Budget Resolutions and Economic Situation

Part of the debate – in the House of Commons at 12:00 am on 12th March 1973.

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Photo of Mr John Pardoe Mr John Pardoe , North Cornwall 12:00 am, 12th March 1973

If that is so, it is a remarkable admission. I shall look forward to the comments from the Government Front Bench if the Government are saying that they are not aiming at a growth rate of 5 per cent. It sounds as if the hon. Member for South Angus (Mr. Bruce-Gardyne) is trying to offer excuses in advance for failure to perform. It is that failure which I suspect will come about.

I query one aspect of the Chancellor's Budget judgment concerning confidence on the export and import front. I accept the argument put forward by the right hon. Member for Birmingham, Stechford (Mr. Roy Jenkins) and his grave fears about the balance of payments situation. The Chancellor has calculated that imports will rise over the next 18 months by about 7 per cent. He said that they rose in the last 18 months by about 10 per cent. He said that exports will rise by nearly 7 per cent. as against 3·9 per cent. over the last 18 months. I do not see why he believes that will happen. There was nothing in his Budget speech to indicate how he has found this new confidence in decreasing imports and increasing exports. I doubt whether it will happen. The figures given in table 4 of the Financial Statement and Budget Report show that he believes it will happen over different periods of time. I cannot accept that he is justified in saying that.

If it does not happen, what will the Chancellor do? He may be right and it may happen, but if it does not will he go for a lower rate of growth? Will he accept the sinister advice of some of his hon. Friends and go down to 3½ per cent., 3 per cent. or even less? Does he think that a lower growth target would solve the balance of payments problem?

A great deal of our Budget judgment, and the Chancellor's judgment, must depend on what it is thought will happen at the completion of the international currency negotiations. I am deeply pessimistic. It seems highly likely from what has been said recently, including what the Chancellor has said, that he will accept a non-settlement—namely, a settlement that will not work. The Chancellor and many of his hon. Friends, and certainly I and my hon. Friends, are all Europeans. We do not have to continue proving we are Europeans by our willingness to rush headlong into a European monetary settlement which will not work and which is against the short-term and long-term interests of the British people and the people of Europe.

A European monetary solution must come eventually. I hope that it will come, but it must come as an integral part of a much wider European integration. Tax harmonisation, a proper European regional policy, a European prices and incomes policy and certainly the harmonisation of social security must come before monetary integration. That integration is logically the last step in the process of European harmonisation and not the first step as the Chancellor seems to suggest.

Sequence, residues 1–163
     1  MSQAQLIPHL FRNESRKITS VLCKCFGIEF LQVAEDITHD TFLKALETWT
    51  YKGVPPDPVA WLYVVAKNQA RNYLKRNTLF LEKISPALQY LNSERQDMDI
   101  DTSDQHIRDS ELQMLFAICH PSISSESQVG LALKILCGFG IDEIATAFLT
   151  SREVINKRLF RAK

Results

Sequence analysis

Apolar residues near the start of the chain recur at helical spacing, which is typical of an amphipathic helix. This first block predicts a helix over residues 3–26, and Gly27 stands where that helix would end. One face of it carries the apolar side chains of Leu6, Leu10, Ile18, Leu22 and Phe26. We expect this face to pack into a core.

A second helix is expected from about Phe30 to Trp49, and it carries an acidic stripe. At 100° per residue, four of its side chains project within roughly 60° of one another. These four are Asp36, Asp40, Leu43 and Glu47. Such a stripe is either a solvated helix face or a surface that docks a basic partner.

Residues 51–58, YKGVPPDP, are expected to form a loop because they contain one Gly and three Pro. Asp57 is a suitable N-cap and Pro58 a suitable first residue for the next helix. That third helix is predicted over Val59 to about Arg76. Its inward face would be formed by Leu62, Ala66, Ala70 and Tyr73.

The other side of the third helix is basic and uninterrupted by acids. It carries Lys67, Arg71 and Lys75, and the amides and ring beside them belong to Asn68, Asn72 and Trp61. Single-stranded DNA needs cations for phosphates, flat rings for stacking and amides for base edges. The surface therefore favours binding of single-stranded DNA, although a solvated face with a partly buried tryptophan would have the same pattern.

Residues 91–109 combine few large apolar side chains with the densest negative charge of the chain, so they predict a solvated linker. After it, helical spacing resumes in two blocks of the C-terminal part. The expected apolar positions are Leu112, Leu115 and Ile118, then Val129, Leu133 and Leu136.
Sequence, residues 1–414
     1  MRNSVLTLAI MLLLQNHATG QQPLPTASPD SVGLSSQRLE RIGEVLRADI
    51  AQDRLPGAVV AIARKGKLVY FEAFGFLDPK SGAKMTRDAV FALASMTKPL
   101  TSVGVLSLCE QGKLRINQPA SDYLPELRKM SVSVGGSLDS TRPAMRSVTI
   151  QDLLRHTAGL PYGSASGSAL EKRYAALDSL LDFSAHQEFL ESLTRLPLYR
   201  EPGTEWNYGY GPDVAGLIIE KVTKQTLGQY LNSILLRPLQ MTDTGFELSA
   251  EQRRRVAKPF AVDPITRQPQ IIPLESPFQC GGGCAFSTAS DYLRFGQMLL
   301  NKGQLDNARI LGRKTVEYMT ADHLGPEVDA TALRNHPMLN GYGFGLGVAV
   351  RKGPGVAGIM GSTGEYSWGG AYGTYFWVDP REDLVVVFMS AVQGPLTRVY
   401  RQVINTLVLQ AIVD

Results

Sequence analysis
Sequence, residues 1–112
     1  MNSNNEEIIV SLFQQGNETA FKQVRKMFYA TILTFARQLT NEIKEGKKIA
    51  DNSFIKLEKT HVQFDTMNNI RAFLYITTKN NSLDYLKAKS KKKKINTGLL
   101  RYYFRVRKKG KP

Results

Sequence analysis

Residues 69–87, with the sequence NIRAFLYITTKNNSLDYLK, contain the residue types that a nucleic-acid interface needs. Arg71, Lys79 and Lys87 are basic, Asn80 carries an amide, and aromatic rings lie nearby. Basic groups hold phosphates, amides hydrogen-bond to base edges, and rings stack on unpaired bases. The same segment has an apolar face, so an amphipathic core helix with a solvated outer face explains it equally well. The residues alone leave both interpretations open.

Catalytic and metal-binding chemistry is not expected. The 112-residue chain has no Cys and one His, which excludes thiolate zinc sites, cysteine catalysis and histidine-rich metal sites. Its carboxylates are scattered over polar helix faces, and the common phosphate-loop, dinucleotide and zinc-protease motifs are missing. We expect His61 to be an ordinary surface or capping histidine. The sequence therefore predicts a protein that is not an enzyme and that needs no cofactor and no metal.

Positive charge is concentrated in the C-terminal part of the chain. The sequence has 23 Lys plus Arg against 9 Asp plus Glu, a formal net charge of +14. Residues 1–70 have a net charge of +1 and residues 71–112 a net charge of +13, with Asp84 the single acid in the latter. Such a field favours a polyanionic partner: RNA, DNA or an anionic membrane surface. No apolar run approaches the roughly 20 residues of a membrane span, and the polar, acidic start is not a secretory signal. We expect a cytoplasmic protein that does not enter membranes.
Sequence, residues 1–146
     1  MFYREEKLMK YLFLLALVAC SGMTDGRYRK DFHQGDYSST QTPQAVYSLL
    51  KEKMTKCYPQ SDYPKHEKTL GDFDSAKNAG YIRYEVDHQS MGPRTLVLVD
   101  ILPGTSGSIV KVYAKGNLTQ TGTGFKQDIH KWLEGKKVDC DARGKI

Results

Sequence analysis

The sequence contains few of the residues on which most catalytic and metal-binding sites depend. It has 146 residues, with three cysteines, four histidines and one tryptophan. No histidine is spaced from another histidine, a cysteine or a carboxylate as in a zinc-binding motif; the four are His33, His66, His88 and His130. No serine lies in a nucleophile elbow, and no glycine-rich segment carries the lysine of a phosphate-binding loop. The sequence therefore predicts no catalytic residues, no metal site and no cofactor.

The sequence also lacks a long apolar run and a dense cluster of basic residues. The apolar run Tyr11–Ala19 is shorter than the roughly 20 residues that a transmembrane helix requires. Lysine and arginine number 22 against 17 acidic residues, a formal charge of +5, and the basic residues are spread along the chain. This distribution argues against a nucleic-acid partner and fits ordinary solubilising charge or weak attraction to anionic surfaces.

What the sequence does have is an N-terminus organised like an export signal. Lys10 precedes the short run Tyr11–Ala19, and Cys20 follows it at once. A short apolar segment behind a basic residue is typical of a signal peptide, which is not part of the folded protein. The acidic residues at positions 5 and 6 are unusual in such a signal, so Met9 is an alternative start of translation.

What is the Chancellor's intention? When questioned on this matter some 10 days ago he said: I did not say that we wished to refix. I said that we intend to refix.—[OFFICIAL REPORT, 12th February, 1973: Vol. 850, c 984.] I do not believe that the Chancellor needs to distinguish between his wish and his intention. The Chancellor must stick to his guns in these negotiations and stick to the policy of floating. It would be far better if the currencies of the whole world floated. There is no question of our going back to pegging the pound along with the other European currencies.

I come to the question of the Chancellor's record on taxation cuts. The right hon. Gentleman clearly thinks, if the Budget is to be believed, that he has already done a great deal in this respect. I imagine that propaganda has had its effect. A very large number of people in my constituency believe that, if there is one promise that the Government have carried out, it is their promise to reduce taxation. The promise was boldly given in "A Better Tomorrow" under the heading "Lower Taxes", and it said simply: We will reduce taxation… We will concentrate on making progressive and substantial reductions in income tax and surtax. This has not happened. In 1969–70, which was the last full financial year of the Labour Government, income taxes amounted to £5,155 million. Yet the Budget papers show that in 1973–74, the fourth year of the Conservative Government, income taxes will amount to £7,593 million. Therefore, in four years the Conservatives have managed to increase revenue—admittedly, not rates—from income taxes by a cool £2,438 million. They have taken £2,438 million more out of the nation's wage packets than the thieving Socialists ever dared to do. This is an increase of 47 per cent. in income tax revenue in four years.

Moreover, the coverage of income tax will now be higher than it was, certainly a year ago. We have not got the figures for how much higher it will be than when the Conservatives came to power, but I strongly suspect that there are more people paying income tax now than there were when the Labour Government were last in power, and 1 million more people will be paying income tax this year than last year.

The Conservatives also promised to switch the burden of taxes from taxes on income to taxes on consumption. Yet between 1969–70 and 1973–74, while total taxes will have risen by 14·6 per cent., Inland Revenue taxes will have risen by 40 per cent. So it has gone in precisely the opposite direction to that promised.